Using hand-held mobile phones in cars is illegal for drivers, and many people have turned to using hands-free mobiles as a safe option – but there’s mounting evidence this is just as dangerous, with drivers using their phones four times more likely to crash.
Psychology expert Dr Gemma Briggs has been studying the distraction of hands-free phones, and found drivers using them were slower to stop and noticed less than half the hazards that un-distracted drivers picked up on.
Seven ways you’re being dangerous
If you’re using a hands-free mobile whilst you’re driving, you’re putting yourself and others at risk. Being distracted in this way, with your mind elsewhere, can mean:
- You don’t notice hazards on the road – even those which appear directly in front of you
- If you’re using the phone when driving you’ll often swerve and weave, and won’t stay in your lane
- You drive at irregular speeds, erratically speeding up and slowing down
- You don’t use your mirrors and indicators – when your mental workload is high, as a driver you may reduce the pressure you’re under by missing parts of the driving task at hand
- You don’t react to dangers in time – the stopping distances of drivers using hands-free phones were significantly longer
- Cognitive and visual tunnelling means you look straight ahead and not to the sides, missing things happening in your peripheral vision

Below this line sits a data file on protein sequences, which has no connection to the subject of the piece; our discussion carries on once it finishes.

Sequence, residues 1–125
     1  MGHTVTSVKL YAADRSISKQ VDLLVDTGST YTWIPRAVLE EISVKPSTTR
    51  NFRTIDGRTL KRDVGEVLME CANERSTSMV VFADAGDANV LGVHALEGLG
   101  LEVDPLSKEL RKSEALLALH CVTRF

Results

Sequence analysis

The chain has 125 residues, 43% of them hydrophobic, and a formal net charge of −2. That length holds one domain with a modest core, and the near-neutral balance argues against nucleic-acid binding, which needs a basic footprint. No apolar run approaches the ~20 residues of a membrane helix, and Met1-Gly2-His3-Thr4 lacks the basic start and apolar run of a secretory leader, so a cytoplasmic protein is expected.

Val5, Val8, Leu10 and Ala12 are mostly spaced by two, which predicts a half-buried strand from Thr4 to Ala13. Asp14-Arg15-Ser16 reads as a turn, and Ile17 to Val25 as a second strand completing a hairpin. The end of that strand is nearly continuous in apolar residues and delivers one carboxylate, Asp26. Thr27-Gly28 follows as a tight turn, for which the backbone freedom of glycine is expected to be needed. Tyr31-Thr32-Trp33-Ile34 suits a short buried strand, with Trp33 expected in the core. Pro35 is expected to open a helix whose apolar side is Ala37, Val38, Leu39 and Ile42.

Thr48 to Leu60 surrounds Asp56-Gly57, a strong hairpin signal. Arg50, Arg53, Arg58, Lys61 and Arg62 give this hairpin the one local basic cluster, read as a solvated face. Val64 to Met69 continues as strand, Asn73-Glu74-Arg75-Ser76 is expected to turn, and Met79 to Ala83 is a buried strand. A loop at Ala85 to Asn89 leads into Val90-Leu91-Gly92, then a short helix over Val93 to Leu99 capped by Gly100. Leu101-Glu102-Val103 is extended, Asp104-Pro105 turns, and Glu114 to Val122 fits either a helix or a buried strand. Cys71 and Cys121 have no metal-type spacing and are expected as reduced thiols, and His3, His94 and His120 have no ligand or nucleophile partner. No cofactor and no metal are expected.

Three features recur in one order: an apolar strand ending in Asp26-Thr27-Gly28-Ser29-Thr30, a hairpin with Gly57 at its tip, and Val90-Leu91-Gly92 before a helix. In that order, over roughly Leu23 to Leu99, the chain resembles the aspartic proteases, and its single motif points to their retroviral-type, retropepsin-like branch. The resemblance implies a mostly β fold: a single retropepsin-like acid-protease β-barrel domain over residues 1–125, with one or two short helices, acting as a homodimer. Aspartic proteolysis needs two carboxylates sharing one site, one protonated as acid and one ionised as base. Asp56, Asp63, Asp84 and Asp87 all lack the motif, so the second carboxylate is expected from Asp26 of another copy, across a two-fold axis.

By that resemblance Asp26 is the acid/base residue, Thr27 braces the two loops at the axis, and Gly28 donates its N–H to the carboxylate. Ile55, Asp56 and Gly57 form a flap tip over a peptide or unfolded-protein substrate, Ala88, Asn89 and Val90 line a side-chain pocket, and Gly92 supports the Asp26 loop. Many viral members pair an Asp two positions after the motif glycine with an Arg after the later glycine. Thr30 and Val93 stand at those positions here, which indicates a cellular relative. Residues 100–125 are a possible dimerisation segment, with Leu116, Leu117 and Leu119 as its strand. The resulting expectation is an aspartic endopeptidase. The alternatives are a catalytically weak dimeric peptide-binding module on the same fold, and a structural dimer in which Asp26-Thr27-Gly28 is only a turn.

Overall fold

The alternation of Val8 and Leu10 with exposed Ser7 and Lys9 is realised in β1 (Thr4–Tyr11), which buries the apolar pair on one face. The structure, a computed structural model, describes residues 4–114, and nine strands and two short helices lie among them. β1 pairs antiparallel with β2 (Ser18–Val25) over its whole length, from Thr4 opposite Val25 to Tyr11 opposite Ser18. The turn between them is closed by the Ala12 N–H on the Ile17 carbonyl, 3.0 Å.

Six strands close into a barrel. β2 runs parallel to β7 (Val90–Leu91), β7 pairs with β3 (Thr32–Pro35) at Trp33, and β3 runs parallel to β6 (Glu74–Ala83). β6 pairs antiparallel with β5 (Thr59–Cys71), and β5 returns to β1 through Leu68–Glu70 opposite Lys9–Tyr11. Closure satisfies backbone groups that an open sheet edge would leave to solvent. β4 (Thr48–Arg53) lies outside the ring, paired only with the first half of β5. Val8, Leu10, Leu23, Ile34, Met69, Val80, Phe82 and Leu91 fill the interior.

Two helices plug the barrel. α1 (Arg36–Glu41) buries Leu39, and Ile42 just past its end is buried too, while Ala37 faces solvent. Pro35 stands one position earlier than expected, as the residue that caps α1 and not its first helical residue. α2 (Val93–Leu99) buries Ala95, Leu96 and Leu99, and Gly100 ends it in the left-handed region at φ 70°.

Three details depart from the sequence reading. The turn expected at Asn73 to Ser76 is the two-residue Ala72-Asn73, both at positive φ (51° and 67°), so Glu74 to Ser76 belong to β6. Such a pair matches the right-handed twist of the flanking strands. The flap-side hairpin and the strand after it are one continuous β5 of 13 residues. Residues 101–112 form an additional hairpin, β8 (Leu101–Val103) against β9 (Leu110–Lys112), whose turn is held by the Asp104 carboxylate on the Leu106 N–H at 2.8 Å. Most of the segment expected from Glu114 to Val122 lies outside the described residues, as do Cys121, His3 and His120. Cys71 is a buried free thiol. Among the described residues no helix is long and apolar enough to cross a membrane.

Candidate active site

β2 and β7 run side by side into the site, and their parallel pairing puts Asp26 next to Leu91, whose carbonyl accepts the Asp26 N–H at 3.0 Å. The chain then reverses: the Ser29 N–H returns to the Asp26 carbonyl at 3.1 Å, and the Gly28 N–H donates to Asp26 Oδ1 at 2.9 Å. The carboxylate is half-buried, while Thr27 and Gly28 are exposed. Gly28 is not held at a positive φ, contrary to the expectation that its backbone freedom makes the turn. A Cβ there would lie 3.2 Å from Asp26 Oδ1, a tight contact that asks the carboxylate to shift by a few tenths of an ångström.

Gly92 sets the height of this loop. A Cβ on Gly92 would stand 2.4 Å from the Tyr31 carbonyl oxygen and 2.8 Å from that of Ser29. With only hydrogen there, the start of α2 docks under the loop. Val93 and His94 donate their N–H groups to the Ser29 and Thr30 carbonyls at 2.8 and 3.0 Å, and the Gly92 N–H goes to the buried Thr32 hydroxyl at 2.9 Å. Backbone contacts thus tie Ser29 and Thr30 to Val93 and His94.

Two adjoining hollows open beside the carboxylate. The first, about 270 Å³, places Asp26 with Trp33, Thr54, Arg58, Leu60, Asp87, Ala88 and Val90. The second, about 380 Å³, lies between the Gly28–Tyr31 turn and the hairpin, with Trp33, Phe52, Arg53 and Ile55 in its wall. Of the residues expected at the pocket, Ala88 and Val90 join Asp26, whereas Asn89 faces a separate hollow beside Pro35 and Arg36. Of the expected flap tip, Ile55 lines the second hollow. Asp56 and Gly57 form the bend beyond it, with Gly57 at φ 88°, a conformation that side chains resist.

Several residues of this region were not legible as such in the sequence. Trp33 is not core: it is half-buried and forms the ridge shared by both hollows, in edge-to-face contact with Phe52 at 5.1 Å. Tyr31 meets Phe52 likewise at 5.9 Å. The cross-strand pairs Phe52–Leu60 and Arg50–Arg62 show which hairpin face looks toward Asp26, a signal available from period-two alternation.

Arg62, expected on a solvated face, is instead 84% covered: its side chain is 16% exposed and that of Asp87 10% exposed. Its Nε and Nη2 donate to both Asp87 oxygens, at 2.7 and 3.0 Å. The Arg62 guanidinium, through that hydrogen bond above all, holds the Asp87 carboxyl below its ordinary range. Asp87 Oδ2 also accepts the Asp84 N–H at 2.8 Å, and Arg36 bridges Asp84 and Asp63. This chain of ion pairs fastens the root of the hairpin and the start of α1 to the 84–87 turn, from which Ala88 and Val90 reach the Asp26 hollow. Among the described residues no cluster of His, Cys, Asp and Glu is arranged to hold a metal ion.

- Relying on your expectations of what normally happens on the road means you don’t notice unexpected events even if they are relevant to driving safely.
New research shows distraction of hands-free phones
Dr Gemma Briggs has led new research testing drivers who were using hands-free phones, examining their reaction times and what they missed on the road. Drivers distracted in this way took, on average, 1.6 seconds longer to react to hazards on the road – when travelling at 30mph this is an extra stopping distance of 21.46 metres – the length of five Ford Fiestas parked nose to tail.
Although there are tough penalties for using hand-held mobiles whilst driving, hands-free mobile use is currently legal but just as distracting. The experts involved are now calling on the Government to examine the evidence and legislate accordingly. Dr Briggs says:
We tend to rely on our expectations of what ‘normally’ happens when we’re driving. However, when attention is also taken up by a phone conversation, distracted drivers over-rely on their expectations and can fail to notice when something out of the ordinary happens. The distraction of phone use affects a driver’s ability to notice unexpected events on the road, and makes them far less likely to react to things in their peripheral vision, such as a child stepping into the road.
Kevin Clinton, Head of Road Safety at the Royal Society for the Prevention of Accidents (RoSPA), supports the evidence, saying:
There’s a significant distraction risk involved with hands-free mobile phones. We think the law should include hands-free phones. Although it is very difficult for the police to detect drivers using hands-free phones just by observation, they can see if a person’s driving is affected because they are distracted, and for more serious crashes or offences, phone records can be checked.
Find out more
Read Dr Briggs’ blog on the mobile phone law and the distraction of phones whilst driving
Find out more about Dr Briggs’ views on in-car hands-free technologies and mobile phone laws
Look at our free learning on psychology, at OpenLearn
Study psychology with The Open University